…advises FG to invest in human capital, new drivers of economic growth
Jim Yong Kim, World Bank President on Thursday challenged Nigeria’s President, Mr. Muhammadu Buhari, to change the focus the country’s economy to human capacity development instead of relying on oil.
Kim said this while fielding questions during a press briefing at the 2017 Annual Meetings of World Bank Group and International Monetary Fund in Washington DC.
The World Bank President admitted that though Nigeria has suffered from drop in oil prices, things are just now getting better.
“Nigeria, of course, has suffered from the drop in oil prices and things are just now getting better. The conversation we need to have with Nigeria in many ways are related to what is about investment in human capital.
“The percentage of the GDP that Nigeria spends on healthcare is less than one per cent.
“Nigeria has to think ahead and invest in its people. Investing in the things that will allow it get thriving and rapidly growing economy in the future is what the country has to focus on right now.”
Mr. Jim Yong Kim further said, “It can’t rely on just oil prices going back up again. It has to think whether oil can be a source of growth in the future. Nigeria surely should be among the digital economy. This is also true for most of Africa.
“Over the next few years, Nigeria and African countries must focus on accelerated investment in human capital development, in health and education. This is how Africa can prepare itself for the next phase in global economy.
“One thing we know is that a better health and education for its people are very critical for economic growth. These are the drivers of economic growth for the future.”
Speaking on challenges and opportunities facing global community, Mr. Jim Yong Kim, said “after several years of disappointing growth, the global economy has begun to accelerate. Trade is picking up, but investment remains weak. We’re concerned that risks such as a rise in protectionism, policy uncertainty, or possible financial market turbulence could derail this fragile recovery.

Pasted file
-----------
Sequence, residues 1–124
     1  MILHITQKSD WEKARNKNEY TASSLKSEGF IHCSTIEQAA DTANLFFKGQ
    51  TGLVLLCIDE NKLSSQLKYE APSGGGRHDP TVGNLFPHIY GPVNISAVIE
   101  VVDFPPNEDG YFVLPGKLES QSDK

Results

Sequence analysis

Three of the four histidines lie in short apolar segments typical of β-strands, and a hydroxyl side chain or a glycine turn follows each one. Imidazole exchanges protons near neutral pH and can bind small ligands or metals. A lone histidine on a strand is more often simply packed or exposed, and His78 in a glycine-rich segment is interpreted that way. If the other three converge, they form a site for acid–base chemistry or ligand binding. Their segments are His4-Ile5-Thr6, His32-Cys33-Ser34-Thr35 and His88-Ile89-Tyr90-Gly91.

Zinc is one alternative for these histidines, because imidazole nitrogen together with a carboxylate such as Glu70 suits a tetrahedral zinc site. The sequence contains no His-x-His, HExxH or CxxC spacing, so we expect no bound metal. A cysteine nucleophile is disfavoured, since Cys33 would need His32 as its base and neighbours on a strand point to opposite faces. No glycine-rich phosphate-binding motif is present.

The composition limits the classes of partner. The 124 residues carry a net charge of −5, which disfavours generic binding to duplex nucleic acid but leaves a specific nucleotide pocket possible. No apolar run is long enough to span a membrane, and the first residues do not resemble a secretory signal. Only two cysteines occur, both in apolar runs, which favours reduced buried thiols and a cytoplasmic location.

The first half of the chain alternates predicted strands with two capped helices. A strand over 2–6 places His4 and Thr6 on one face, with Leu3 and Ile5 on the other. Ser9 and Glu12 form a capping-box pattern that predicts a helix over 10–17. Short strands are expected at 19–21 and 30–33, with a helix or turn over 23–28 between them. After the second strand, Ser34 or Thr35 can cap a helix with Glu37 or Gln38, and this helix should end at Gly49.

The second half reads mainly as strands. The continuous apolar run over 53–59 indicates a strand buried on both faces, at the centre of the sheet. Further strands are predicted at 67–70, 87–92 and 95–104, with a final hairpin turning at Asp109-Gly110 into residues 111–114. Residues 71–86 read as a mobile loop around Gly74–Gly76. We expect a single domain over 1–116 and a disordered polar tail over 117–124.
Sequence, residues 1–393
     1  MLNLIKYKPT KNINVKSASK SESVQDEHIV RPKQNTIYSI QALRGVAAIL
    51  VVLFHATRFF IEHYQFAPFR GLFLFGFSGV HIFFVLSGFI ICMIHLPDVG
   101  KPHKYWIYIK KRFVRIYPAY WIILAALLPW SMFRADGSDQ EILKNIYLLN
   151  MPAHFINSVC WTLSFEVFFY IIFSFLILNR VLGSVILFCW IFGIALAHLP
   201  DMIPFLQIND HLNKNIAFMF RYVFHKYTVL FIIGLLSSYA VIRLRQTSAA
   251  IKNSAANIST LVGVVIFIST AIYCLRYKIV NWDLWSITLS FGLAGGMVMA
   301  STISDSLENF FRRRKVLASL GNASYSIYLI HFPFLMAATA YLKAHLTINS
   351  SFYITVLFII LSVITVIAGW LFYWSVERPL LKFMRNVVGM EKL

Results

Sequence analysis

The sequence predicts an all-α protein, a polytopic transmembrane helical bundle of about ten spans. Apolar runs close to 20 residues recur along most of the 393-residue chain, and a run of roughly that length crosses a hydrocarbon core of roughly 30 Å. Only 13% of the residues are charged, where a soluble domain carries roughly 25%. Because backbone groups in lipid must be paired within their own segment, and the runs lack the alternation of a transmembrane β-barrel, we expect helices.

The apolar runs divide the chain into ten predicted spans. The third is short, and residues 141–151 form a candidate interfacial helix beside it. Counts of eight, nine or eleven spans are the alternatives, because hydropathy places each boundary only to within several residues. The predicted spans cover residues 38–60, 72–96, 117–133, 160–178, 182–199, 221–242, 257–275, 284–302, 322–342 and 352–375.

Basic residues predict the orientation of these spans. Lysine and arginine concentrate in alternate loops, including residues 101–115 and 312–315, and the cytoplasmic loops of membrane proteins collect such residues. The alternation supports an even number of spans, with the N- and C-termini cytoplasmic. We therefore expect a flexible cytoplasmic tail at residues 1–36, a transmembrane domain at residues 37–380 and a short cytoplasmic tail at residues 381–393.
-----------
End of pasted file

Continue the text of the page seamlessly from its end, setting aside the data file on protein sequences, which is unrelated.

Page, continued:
“Overall, we’re seeing growth rise in most developing and advanced economies – which is why countries need to make critical investments now. This is the time to implement the reforms that are going to insulate against potential downturns in the future.
“Countries need to build resilience against the overlapping challenges we face today, including the effects of climate change, natural disasters, conflict, forced displacement, famine, and disease.
“To help countries address these challenges, we’re working to maximize finance for development. We’re pursuing private sector solutions whenever they can help achieve development goals, and reserving scarce public finance for where it is most needed – particularly investments in human capital.
“All countries need to invest more in their people. Last week, I spoke at Columbia University, where I explained why this is so critical, and I introduced an accelerated effort called the Human Capital Project that we’re undertaking at the World Bank Group to help countries invest more – and more effectively – in their people.
“We’re hoping that this project can show heads of state and finance ministers how long-term investments in their people can help grow economies – and create the political space for leaders to make these critical investments.
“Over the next year, leading up to the 2018 Annual Meetings in Indonesia, we will be working with a wide range of experts in economics, global health, and education to develop the Human Capital Project. We think this effort has the potential to be a game-changer, in the same way our Doing Business report was when it launched 15 years ago.
“This is the latest effort by the World Bank Group to meet rising aspirations all over the world, truly create equality of opportunity, and build new foundations in the project of human solidarity.”